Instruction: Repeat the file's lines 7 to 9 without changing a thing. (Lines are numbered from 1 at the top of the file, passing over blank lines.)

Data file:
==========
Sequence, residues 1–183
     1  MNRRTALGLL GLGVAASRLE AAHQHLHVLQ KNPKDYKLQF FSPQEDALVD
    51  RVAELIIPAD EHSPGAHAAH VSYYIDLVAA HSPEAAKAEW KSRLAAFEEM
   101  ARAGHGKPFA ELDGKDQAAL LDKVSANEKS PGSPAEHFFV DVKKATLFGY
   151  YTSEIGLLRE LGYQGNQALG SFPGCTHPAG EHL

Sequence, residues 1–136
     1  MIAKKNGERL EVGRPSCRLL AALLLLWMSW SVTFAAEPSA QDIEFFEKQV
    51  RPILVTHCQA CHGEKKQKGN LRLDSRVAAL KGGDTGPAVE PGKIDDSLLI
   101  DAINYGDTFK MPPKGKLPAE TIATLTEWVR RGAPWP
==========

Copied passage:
     1  MIAKKNGERL EVGRPSCRLL AALLLLWMSW SVTFAAEPSA QDIEFFEKQV
    51  RPILVTHCQA CHGEKKQKGN LRLDSRVAAL KGGDTGPAVE PGKIDDSLLI
   101  DAINYGDTFK MPPKGKLPAE TIATLTEWVR RGAPWP